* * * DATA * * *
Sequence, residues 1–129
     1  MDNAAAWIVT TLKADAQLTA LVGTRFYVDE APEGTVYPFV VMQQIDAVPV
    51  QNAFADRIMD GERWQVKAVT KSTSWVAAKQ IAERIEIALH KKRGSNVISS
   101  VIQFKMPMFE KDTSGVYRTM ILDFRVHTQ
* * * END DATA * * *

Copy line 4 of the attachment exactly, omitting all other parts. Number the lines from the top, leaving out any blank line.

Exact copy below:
   101  VIQFKMPMFE KDTSGVYRTM ILDFRVHTQ